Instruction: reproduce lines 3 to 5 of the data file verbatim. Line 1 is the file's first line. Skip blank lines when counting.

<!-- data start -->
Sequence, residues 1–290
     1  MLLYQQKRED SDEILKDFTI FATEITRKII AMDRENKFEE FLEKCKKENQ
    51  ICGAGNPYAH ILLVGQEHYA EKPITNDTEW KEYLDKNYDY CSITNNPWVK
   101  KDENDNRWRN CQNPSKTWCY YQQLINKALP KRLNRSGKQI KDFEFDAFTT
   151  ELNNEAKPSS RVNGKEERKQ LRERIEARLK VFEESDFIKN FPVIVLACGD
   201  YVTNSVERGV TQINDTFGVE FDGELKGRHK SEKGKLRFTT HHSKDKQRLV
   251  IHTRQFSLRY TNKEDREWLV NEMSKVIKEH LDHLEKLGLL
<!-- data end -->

    51  ICGAGNPYAH ILLVGQEHYA EKPITNDTEW KEYLDKNYDY CSITNNPWVK
   101  KDENDNRWRN CQNPSKTWCY YQQLINKALP KRLNRSGKQI KDFEFDAFTT
   151  ELNNEAKPSS RVNGKEERKQ LRERIEARLK VFEESDFIKN FPVIVLACGD